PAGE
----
Inside the Black Box: Comment on Diamond and Vidmar
16 Pages Posted: 28 Dec 2003
It is an honor to be invited to comment on the first publication of the Arizona Jury Project, a study of Arizona juries that includes videotaping and analysis of jury room discussions and deliberations. It is a remarkable and unique project, made possible by an unusual confluence of people, places, and events. In an insightful opinion some years ago, United States Supreme Court Justice Louis Brandeis observed that "[i]t is one of the happy incidents of the federal system that a single courageous State may, if its citizens choose, serve as a laboratory; and try novel social and economic experiments without risk to the rest of the country." The state of Arizona has taken just such a bold path in experimenting with its jury system.
Guided by the leadership of its judiciary and enabled by the openness of its legal practitioners, Arizona has been at the fore-front of jury reform. An Arizona Supreme Court committee headed by Judge B. Michael Dann published an influential report in 1994, Jurors: The Power of 12, proposing a host of changes to the state's jury system. Most of these recommended changes were adopted. What is more, the judiciary and state bar have welcomed social scientific research on how these changes affect the jury system, providing the country with a living laboratory for jury reform.
The scientific merit of the Arizona Jury Project was enhanced by the readiness of two of the nation's top sociolegal scholars, Professors Shari Seidman Diamond and Neil Vidmar, to serve as research directors. These two scholars have long inspired me with their zest for social science study of the law. This enthusiasm, coupled with the high quality of their research and writing, has led to many impressive research contributions. The Arizona Jury Project promises to be another major achievement for both of these scholars and a significant milestone in the study of the American jury.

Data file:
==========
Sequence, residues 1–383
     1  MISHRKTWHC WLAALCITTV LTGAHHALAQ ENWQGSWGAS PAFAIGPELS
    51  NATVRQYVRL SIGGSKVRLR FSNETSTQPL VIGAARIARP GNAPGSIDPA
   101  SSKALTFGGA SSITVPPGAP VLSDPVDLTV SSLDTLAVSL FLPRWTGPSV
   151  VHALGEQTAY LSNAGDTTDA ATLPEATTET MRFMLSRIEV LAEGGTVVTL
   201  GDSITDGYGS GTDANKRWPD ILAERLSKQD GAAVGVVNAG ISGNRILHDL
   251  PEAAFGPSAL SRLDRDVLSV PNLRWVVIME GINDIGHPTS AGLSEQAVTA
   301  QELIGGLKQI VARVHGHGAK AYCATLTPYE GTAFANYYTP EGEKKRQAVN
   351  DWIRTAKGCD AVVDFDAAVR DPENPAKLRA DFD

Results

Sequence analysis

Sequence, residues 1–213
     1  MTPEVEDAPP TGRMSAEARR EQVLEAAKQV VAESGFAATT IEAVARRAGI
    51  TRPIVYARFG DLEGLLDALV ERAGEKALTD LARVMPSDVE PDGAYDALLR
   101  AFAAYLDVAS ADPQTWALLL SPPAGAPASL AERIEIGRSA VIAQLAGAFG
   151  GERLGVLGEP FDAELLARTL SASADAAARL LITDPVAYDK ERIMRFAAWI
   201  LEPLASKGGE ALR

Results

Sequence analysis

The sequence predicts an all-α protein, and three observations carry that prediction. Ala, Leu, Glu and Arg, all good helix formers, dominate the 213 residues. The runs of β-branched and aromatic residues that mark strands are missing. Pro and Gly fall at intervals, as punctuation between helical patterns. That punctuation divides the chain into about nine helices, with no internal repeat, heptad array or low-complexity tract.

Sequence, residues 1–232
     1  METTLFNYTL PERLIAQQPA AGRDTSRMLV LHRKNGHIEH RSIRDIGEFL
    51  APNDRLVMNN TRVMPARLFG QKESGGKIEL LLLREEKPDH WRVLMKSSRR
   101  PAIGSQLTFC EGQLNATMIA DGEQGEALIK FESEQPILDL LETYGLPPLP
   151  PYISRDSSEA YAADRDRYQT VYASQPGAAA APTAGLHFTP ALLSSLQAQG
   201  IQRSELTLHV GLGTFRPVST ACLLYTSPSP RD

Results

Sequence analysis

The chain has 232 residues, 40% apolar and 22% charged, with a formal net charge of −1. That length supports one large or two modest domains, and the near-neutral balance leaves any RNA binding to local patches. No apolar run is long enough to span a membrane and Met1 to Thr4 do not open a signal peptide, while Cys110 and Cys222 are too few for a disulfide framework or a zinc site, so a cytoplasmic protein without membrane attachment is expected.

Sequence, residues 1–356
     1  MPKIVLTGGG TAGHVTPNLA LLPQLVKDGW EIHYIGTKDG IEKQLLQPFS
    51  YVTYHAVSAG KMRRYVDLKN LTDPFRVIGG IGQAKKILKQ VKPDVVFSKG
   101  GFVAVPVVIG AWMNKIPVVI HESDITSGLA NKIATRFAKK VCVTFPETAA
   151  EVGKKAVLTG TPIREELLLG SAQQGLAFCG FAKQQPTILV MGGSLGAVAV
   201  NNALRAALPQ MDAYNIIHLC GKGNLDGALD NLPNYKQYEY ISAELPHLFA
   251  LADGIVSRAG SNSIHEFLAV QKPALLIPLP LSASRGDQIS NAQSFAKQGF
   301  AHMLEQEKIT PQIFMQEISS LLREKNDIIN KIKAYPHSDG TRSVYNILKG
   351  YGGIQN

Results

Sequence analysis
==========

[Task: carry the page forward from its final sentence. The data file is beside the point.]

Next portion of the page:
Many benefits are sure to come from looking inside the black box of jury decisionmaking. By examining what goes on in the jury room in a systematic way, Diamond and Vidmar will help us to assess whether current theories and empirical conclusions about juror and jury decisionmaking, based on indirect research methods, apply to actual jury decisions. They can help us determine whether legal rules, such as the evidence rules they examine in their paper in this symposium, adequately guide the jury process. They can assess how jury reform works in Arizona and thus provide significant information to policymakers contemplating change.
In this article, I will explore the potential contributions of the Arizona Jury Project. After a discussion of the project's design and the unique methodological challenges faced by the researchers, I will assess their observations about how jurors deal with the forbidden topic of insurance. I will then consider their suggested reform, and the collaborative instructional approach they advocate.
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